From the study:
Quote
This result implies that innovation of protein-coding genes might not play a large role in the processes underlying the transitions from dinosaur to the bird lineage.

This result corroborates the above observation that very few lineage-specific genes emerged in the avian genome, suggesting changes in non-coding regulatory sequences might play a more important role in the emergence of avian evolutionary innovations than the acquisition of novel protein-coding genes.
Quote
The preferential targets of strong purifying selection are usually on protein-coding regions9, for example, 17.55% of HCEs lie within coding regions, some three-fold higher than the percentage of coding regions in whole genome (Fig. 1c). We were therefore surprised to observe, that the proportion of ASHCEs that lie within coding regions was ca. 50-fold lower (0.31%, Fig. 1c).
Notice that this is not 50% lower but 50 fold lower.
This is so far outside the usual that it calls for some kind of explanation.

  • VoxRat
  • wtactualf
Re: Functional roles of Aves class-specific cis-regulatory elements
Reply #17
Mods:
Self-quoting monologs ignoring all input from others do not belong in Science Discussion Forum.
"I understand Donald Trump better than many people because I really am a lot like him." - Dave Hawkins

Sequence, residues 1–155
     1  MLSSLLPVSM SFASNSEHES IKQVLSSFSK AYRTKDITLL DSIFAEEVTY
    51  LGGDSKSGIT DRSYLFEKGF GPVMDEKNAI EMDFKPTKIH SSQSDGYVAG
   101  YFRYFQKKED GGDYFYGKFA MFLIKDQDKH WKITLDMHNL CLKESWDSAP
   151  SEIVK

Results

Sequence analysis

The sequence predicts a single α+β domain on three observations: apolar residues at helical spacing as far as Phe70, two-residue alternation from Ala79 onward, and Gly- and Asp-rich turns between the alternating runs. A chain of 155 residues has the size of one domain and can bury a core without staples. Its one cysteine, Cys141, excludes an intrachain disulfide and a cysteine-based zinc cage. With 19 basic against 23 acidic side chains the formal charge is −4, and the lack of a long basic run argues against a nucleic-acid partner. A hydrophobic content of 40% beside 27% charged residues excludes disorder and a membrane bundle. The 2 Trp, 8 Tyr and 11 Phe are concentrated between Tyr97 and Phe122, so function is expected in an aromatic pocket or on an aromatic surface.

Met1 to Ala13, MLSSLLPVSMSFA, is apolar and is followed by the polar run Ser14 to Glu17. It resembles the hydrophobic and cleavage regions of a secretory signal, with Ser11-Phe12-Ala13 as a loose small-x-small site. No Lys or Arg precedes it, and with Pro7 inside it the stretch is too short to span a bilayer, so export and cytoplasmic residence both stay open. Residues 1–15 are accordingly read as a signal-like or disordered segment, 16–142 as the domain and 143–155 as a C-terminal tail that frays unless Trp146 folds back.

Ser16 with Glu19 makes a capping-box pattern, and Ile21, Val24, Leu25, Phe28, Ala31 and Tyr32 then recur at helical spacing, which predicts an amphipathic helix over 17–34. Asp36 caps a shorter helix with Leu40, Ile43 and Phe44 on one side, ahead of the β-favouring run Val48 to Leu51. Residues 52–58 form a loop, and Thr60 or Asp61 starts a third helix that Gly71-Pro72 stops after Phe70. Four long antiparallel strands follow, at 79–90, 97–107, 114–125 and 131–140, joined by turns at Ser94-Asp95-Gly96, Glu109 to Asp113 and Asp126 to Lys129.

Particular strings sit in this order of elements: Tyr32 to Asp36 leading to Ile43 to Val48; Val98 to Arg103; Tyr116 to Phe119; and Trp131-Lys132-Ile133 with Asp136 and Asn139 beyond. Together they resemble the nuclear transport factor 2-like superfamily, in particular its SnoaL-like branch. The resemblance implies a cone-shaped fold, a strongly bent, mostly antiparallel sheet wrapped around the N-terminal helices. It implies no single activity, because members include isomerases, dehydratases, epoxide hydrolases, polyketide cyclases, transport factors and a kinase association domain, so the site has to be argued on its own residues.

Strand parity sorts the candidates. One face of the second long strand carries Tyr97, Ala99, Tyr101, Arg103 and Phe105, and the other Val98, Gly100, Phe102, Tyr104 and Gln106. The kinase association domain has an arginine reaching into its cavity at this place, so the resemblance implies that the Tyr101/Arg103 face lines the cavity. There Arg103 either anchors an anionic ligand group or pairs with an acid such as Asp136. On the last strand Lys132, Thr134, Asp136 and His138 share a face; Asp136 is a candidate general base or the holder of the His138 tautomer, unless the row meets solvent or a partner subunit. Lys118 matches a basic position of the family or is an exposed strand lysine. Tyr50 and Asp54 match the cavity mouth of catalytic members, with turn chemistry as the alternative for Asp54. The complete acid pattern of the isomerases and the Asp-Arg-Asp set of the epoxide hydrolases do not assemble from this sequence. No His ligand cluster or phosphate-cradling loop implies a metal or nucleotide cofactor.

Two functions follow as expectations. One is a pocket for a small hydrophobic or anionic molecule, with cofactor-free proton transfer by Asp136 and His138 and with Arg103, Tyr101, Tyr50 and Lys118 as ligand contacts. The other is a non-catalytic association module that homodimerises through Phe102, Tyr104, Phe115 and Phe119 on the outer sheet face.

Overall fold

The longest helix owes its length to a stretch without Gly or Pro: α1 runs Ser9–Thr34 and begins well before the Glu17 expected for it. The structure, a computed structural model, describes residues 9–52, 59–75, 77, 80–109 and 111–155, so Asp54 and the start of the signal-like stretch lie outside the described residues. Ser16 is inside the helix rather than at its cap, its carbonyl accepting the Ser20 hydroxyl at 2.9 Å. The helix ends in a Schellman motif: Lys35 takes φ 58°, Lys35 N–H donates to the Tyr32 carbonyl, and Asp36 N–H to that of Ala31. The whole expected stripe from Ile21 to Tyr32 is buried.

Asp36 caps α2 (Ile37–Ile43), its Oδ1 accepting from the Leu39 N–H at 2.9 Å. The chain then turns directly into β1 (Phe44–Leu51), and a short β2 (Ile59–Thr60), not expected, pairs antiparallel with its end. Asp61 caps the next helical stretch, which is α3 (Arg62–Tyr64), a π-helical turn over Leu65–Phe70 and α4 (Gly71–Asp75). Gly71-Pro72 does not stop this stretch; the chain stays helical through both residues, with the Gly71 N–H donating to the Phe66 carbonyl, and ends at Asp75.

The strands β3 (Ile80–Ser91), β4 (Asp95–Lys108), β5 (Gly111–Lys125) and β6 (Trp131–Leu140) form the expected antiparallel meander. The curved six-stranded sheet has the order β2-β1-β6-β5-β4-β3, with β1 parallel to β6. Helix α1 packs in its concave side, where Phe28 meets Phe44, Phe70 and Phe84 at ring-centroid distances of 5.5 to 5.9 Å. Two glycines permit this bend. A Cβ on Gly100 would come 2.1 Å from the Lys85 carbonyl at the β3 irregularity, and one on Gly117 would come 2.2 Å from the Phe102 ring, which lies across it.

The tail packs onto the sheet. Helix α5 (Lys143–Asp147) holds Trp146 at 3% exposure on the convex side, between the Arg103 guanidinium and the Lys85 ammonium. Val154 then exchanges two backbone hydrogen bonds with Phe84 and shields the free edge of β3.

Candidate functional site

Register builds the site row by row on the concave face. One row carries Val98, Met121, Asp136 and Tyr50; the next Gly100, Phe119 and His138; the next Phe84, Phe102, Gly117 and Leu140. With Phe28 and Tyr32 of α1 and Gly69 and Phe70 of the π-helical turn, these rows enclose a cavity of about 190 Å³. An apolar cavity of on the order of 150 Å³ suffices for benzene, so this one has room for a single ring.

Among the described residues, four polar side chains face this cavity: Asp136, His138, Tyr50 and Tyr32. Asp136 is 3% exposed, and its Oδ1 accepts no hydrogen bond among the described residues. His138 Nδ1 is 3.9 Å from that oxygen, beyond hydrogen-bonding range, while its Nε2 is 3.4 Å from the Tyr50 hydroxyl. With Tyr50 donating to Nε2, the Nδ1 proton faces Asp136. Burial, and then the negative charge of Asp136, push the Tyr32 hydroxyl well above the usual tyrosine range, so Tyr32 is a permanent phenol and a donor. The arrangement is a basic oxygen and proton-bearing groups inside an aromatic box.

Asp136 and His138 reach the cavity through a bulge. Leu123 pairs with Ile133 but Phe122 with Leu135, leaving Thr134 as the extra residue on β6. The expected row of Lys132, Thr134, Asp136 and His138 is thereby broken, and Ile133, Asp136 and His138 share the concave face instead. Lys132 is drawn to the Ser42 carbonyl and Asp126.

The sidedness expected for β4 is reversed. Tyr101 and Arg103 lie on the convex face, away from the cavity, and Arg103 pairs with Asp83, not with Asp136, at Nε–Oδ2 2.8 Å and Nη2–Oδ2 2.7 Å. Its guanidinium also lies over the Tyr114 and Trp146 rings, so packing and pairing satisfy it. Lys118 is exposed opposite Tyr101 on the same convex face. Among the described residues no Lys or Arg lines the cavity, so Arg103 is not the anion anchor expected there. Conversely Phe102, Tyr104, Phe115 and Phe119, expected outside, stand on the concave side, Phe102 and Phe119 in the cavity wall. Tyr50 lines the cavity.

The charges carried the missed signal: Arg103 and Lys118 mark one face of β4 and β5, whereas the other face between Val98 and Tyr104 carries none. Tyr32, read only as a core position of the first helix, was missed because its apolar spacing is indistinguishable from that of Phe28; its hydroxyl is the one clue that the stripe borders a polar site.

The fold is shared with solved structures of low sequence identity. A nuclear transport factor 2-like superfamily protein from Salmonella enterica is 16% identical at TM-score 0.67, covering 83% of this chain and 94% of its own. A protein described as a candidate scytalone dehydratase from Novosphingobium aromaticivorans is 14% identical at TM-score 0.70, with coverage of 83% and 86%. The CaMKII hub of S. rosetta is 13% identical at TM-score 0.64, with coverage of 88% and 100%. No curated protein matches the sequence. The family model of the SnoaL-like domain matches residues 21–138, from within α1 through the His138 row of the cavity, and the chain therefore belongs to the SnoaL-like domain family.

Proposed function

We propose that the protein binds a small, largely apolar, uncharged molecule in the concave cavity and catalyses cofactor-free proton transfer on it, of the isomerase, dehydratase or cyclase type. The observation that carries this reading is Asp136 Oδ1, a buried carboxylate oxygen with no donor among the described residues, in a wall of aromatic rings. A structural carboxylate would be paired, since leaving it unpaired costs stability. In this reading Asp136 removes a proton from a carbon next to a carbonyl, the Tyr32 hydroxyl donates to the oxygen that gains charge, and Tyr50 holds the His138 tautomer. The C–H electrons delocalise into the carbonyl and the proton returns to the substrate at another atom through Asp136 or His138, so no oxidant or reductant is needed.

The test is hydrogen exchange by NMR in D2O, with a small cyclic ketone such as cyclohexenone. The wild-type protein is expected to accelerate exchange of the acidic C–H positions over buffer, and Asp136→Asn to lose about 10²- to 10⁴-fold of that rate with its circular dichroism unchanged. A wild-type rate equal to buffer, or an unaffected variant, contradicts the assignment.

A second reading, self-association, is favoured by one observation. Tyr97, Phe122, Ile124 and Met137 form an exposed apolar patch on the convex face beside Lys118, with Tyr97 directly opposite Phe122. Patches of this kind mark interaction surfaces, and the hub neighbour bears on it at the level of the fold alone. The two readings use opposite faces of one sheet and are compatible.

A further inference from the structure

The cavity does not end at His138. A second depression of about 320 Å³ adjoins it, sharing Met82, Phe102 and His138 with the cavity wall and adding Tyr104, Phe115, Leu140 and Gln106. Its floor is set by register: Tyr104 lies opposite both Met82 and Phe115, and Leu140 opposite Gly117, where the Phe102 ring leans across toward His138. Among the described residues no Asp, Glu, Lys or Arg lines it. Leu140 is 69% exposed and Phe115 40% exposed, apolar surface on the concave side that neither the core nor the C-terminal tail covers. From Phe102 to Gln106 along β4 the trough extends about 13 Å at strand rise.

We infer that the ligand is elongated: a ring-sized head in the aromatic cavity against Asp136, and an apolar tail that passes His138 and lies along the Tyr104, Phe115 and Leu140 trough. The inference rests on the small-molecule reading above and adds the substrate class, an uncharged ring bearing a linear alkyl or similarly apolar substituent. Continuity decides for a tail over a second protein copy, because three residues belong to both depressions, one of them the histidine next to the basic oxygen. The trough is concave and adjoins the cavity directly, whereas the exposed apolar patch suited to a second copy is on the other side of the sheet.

• socrates1
Re: Functional roles of Aves class-specific cis-regulatory elements
Reply #18
Notice that there is no input from others.
Insults do not count.

  • socrates1
Re: Functional roles of Aves class-specific cis-regulatory elements
Reply #19
For reference:
https://en.wikipedia.org/wiki/Cis-regulatory_element
Quote
CREs [Cis-regulatory elements] have an important evolutionary role. The coding regions of genes are often well conserved among organisms; yet different organisms display marked phenotypic diversity. It has been found that polymorphisms occurring within non-coding sequences have a profound effect on phenotype by altering gene expression

For numerous reasons, including organizational maintenance, energy conservation, and generating phenotypic variance, it is important that genes are only expressed when they are needed.
Regulatory genes "have a profound effect on phenotype by altering gene expression". So the regulatory genes for birds "generate phenotypic variance".